Suppose I have a stabilizer code defined by $m$ independent Pauli strings. Is there a "simple" way to check if the code is degenerate or not?

As test cases the $[[5,1,3]]$ code is not degenerate, and Shor's $[[9,1,3]]$ code is.


1 Answer 1


Set of errors

It is somewhat imprecise to say that a quantum error correcting code is degenerate. Degeneracy means that the code assigns the same syndrome to two different errors, but that is of course true of every code$^1$. Therefore, one should specify the set of errors to be considered. Then the code $C$ is degenerate for the set of errors $\mathcal{E}$ if two distinct errors $e_1,e_2\in\mathcal{E}$ have the same syndrome. Often, $\mathcal{E}$ is implicitly taken to be the set of correctable errors of the code.

(Interestingly, it is impossible for a classical error correcting code to be degenerate for any set of correctable errors.)

Single-qubit errors

It is particularly easy to check if a stabilizer code is degenerate for the set of single-qubit $X$ and $Z$ errors. All we need to do is write down the check matrix $H=[H_Z|H_X]$ and see whether it has two identical columns. We can extend this to all single-qubit errors by expanding the check matrix to $H'=[H_Z|H_X|H_Y]$ where$^2$ $H_Y=H_Z+H_X$ and verifying that all columns of $H'$ are distinct.

For example, the check matrix for the $[[5,1,3]]$ code is

$$ \left[ \begin{array}{ccccc|ccccc} 0&1&1&0&0 & 1&0&0&1&0\\ 0&0&1&1&0 & 0&1&0&0&1\\ 0&0&0&1&1 & 1&0&1&0&0\\ 1&0&0&0&1 & 0&1&0&1&0\\ \end{array} \right] $$ where all columns are distinct. Moreover, $H_Y=H_Z+H_X$ consists of distinct columns with Hamming weight three and four, so $H'$ has distinct columns, too. Therefore, this code is not degenerate for single-qubit errors.

On the other hand, the check matrix for the $[[9,1,3]]$ code is

$$ \left[ \begin{array}{ccccccccc|ccccccccc} 1&1&0& 0&0&0& 0&0&0 & 0&0&0& 0&0&0& 0&0&0\\ 0&1&1& 0&0&0& 0&0&0 & 0&0&0& 0&0&0& 0&0&0\\ 0&0&0& 1&1&0& 0&0&0 & 0&0&0& 0&0&0& 0&0&0\\ 0&0&0& 0&1&1& 0&0&0 & 0&0&0& 0&0&0& 0&0&0\\ 0&0&0& 0&0&0& 1&1&0 & 0&0&0& 0&0&0& 0&0&0\\ 0&0&0& 0&0&0& 0&1&1 & 0&0&0& 0&0&0& 0&0&0\\ 0&0&0& 0&0&0& 0&0&0 & 1&1&1& 1&1&1& 0&0&0\\ 0&0&0& 0&0&0& 0&0&0 & 0&0&0& 1&1&1& 1&1&1\\ \end{array} \right] $$ where some columns, e.g. tenth and eleventh, are identical. Therefore, the $[[9,1,3]]$ code is degenerate.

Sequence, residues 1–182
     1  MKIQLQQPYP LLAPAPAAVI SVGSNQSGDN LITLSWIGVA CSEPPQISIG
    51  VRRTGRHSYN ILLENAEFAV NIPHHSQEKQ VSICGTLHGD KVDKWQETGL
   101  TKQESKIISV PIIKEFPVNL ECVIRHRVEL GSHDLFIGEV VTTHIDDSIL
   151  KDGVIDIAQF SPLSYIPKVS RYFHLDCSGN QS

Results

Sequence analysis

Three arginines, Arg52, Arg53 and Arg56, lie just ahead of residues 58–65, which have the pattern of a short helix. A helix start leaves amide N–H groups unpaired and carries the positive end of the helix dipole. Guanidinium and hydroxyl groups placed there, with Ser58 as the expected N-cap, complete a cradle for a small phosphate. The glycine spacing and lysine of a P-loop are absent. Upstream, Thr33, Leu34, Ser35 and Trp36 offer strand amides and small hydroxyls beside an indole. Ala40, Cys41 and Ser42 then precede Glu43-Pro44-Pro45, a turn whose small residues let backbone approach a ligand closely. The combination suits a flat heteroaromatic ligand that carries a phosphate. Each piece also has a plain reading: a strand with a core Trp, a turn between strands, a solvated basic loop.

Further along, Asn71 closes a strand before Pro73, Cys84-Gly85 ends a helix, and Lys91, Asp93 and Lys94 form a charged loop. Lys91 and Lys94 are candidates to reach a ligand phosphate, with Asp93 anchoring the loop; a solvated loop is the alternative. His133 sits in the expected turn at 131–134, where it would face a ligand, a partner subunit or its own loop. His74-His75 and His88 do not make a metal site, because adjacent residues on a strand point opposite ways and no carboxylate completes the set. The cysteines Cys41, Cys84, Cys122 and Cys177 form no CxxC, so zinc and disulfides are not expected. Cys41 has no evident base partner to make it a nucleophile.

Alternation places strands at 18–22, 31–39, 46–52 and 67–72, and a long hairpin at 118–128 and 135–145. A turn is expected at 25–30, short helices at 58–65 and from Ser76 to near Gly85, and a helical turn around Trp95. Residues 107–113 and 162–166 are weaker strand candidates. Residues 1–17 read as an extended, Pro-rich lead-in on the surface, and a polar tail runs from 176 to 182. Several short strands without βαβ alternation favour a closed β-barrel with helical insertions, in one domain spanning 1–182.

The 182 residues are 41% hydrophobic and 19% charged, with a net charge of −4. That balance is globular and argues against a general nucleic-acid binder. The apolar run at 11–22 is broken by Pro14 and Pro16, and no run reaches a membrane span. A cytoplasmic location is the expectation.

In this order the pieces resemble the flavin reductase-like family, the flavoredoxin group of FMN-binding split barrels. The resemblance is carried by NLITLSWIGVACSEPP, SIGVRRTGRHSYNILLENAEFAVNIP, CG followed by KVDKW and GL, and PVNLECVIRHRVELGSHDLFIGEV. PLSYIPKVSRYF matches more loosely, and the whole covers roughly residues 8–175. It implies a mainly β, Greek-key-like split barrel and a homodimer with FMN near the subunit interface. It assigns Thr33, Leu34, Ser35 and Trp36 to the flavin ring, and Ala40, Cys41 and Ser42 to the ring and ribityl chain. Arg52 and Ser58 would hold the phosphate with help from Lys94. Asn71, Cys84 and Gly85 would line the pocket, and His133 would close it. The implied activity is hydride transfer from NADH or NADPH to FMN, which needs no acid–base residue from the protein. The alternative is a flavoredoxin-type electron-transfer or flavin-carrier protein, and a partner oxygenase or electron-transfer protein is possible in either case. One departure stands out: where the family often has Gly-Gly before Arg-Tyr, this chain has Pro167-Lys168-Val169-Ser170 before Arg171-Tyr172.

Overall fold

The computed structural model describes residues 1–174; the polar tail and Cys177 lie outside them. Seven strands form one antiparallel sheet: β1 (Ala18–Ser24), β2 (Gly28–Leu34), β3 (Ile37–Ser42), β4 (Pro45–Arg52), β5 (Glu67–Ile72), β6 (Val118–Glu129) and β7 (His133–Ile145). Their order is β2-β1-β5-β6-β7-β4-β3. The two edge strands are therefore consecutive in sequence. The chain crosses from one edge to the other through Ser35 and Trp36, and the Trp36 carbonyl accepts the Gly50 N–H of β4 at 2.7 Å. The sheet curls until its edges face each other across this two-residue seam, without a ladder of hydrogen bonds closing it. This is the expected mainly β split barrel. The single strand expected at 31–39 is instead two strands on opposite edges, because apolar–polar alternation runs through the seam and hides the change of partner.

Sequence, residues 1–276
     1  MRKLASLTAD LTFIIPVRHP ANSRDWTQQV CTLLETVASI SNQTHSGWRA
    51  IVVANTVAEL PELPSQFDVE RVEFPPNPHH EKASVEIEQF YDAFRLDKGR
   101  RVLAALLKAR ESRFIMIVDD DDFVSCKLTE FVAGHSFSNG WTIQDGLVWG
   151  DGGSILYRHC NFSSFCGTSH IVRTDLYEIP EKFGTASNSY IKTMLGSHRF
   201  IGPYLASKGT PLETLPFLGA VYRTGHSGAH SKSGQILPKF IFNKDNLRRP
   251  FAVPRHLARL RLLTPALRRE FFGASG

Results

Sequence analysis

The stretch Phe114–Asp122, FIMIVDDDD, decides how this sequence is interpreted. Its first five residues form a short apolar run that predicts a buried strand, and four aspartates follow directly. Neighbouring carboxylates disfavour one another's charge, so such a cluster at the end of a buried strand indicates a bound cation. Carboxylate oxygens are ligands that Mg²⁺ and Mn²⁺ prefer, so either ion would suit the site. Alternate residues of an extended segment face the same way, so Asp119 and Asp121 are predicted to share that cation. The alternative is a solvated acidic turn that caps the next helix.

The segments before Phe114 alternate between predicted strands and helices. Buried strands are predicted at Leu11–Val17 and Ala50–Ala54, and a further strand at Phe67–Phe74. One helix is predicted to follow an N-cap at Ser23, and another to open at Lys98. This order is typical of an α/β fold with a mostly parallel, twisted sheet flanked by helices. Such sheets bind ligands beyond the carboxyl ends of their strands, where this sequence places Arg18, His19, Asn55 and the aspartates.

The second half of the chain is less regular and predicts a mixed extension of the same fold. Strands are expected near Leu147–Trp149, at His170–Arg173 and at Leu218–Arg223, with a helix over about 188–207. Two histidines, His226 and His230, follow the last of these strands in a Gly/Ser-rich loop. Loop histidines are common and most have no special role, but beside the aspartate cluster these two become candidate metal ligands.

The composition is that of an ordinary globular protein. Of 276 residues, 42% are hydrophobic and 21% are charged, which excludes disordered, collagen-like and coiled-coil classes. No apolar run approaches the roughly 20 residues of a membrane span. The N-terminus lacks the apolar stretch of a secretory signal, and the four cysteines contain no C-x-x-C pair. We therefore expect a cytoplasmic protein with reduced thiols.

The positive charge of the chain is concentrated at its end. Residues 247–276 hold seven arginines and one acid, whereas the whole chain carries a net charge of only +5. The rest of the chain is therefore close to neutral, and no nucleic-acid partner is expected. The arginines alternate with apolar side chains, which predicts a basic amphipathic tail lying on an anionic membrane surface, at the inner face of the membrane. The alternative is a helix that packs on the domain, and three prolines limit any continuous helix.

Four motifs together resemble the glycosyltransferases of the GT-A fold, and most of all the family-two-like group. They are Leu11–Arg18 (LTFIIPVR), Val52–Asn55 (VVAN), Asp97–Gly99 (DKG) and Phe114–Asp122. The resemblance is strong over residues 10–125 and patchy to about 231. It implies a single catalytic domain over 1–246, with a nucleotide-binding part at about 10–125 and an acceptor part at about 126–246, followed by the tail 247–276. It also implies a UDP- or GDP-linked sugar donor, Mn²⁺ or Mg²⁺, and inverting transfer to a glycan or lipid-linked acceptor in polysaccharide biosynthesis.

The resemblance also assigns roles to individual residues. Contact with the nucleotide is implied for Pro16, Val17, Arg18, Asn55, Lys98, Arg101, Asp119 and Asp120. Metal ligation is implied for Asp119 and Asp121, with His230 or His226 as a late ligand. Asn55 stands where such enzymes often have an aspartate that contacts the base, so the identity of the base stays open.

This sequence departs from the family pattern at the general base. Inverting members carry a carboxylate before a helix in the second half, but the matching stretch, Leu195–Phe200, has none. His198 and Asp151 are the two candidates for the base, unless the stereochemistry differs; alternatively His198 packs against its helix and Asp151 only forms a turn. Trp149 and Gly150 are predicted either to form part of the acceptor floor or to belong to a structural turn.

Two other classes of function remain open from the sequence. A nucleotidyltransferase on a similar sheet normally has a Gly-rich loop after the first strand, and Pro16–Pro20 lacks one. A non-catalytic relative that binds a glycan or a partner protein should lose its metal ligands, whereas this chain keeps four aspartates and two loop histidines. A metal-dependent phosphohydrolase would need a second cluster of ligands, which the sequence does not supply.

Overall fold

The reason this procedure works is that the syndrome $S$ of an error given as a binary vector $e=[z_1,\dots,z_n,x_1,\dots,x_n]$ can be computed as

$$ S = H\Lambda e $$

where $H$ is the check matrix and $\Lambda=\begin{bmatrix}0&I\\I&0\end{bmatrix}$ is a matrix that realizes the standard symplectic inner product in $\mathbb{Z}_2^{2n}$.

General procedure

The above procedure directly generalizes to more complicated sets of errors, but instead of comparing columns of the check matrix, we now need to compare their linear combinations.

The most general way to state the above procedures is the following simple algorithm

def is_degenerate(code, errors):
    syndromes = set()
    for e in errors:
        s = code.get_syndrome(e)
        if s in syndromes:
            return True
    return False

$^1$ This is easiest to see for stabilizer codes. Take an error $e$ and a stabilizer $g$. Then $e\ne eg$, but $e$ and $eg$ have the same syndrome, because $g$'s syndrome is trivial.
$^2$ Addition in $H_Y=H_Z+H_X$ is modulo two.

  • $\begingroup$ This is nice; at least it gives a systematic way to find the answer. I do assume that the set of errors is the correctable ones. One caveat with this approach is that the set of errors can grow very quickly...for example 20 qubits, 4 errors gives 392445 possibilities (Binomial(20,4)*3^4)...but maybe there's no simpler way. $\endgroup$
    – unknown
    Jul 9, 2022 at 23:06
  • 2
    $\begingroup$ The ideas above may be used to develop other methods that may work better for multi-qubit errors. For example, you can compute the kernel of the check matrix and pick a vector $v\in\ker H$ with the smallest Hamming weight. Then any errors $e$ and $e+v$ have the same syndrome, so if both $e$ and $e+v$ are correctable then you found degeneracy. This approach might be easier for multi-qubit errors. That said, 392445 sounds like something a computer can handle. $\endgroup$ Jul 12, 2022 at 5:44
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    $\begingroup$ Great answer! So this shows that the Steane code is nondegenerate. It seems that extending a code by a junk qubit is always degenerate. Also it is clear why this method shows nondegeneracy for $ X $ and $ Z $ type errors, could you perhaps comment on how it shows nondegeneracy for $ Y $ type errors? $\endgroup$ Apr 20 at 22:49
  • $\begingroup$ Another great catch! Thank you! See the fixes I made. $\endgroup$ Apr 23 at 0:22

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